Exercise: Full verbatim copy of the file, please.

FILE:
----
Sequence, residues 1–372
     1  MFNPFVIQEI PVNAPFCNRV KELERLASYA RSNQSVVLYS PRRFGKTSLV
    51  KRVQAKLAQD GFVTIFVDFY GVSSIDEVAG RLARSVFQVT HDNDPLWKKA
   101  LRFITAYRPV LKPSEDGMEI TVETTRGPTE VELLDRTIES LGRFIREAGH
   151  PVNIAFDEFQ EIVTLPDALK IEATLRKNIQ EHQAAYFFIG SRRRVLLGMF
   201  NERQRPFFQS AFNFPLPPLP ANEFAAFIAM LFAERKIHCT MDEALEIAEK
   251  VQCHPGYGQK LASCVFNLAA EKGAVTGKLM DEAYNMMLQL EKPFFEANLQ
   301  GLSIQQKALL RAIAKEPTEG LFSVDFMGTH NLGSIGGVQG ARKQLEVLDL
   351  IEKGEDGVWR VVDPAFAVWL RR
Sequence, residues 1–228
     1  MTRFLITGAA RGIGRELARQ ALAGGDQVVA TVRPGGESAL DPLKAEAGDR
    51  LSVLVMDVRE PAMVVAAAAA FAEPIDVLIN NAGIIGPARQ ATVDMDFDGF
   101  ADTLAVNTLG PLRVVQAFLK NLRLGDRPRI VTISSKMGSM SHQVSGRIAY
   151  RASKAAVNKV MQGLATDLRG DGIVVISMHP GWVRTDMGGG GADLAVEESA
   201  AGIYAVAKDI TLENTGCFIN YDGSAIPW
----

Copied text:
Sequence, residues 1–372
     1  MFNPFVIQEI PVNAPFCNRV KELERLASYA RSNQSVVLYS PRRFGKTSLV
    51  KRVQAKLAQD GFVTIFVDFY GVSSIDEVAG RLARSVFQVT HDNDPLWKKA
   101  LRFITAYRPV LKPSEDGMEI TVETTRGPTE VELLDRTIES LGRFIREAGH
   151  PVNIAFDEFQ EIVTLPDALK IEATLRKNIQ EHQAAYFFIG SRRRVLLGMF
   201  NERQRPFFQS AFNFPLPPLP ANEFAAFIAM LFAERKIHCT MDEALEIAEK
   251  VQCHPGYGQK LASCVFNLAA EKGAVTGKLM DEAYNMMLQL EKPFFEANLQ
   301  GLSIQQKALL RAIAKEPTEG LFSVDFMGTH NLGSIGGVQG ARKQLEVLDL
   351  IEKGEDGVWR VVDPAFAVWL RR
Sequence, residues 1–228
     1  MTRFLITGAA RGIGRELARQ ALAGGDQVVA TVRPGGESAL DPLKAEAGDR
    51  LSVLVMDVRE PAMVVAAAAA FAEPIDVLIN NAGIIGPARQ ATVDMDFDGF
   101  ADTLAVNTLG PLRVVQAFLK NLRLGDRPRI VTISSKMGSM SHQVSGRIAY
   151  RASKAAVNKV MQGLATDLRG DGIVVISMHP GWVRTDMGGG GADLAVEESA
   201  AGIYAVAKDI TLENTGCFIN YDGSAIPW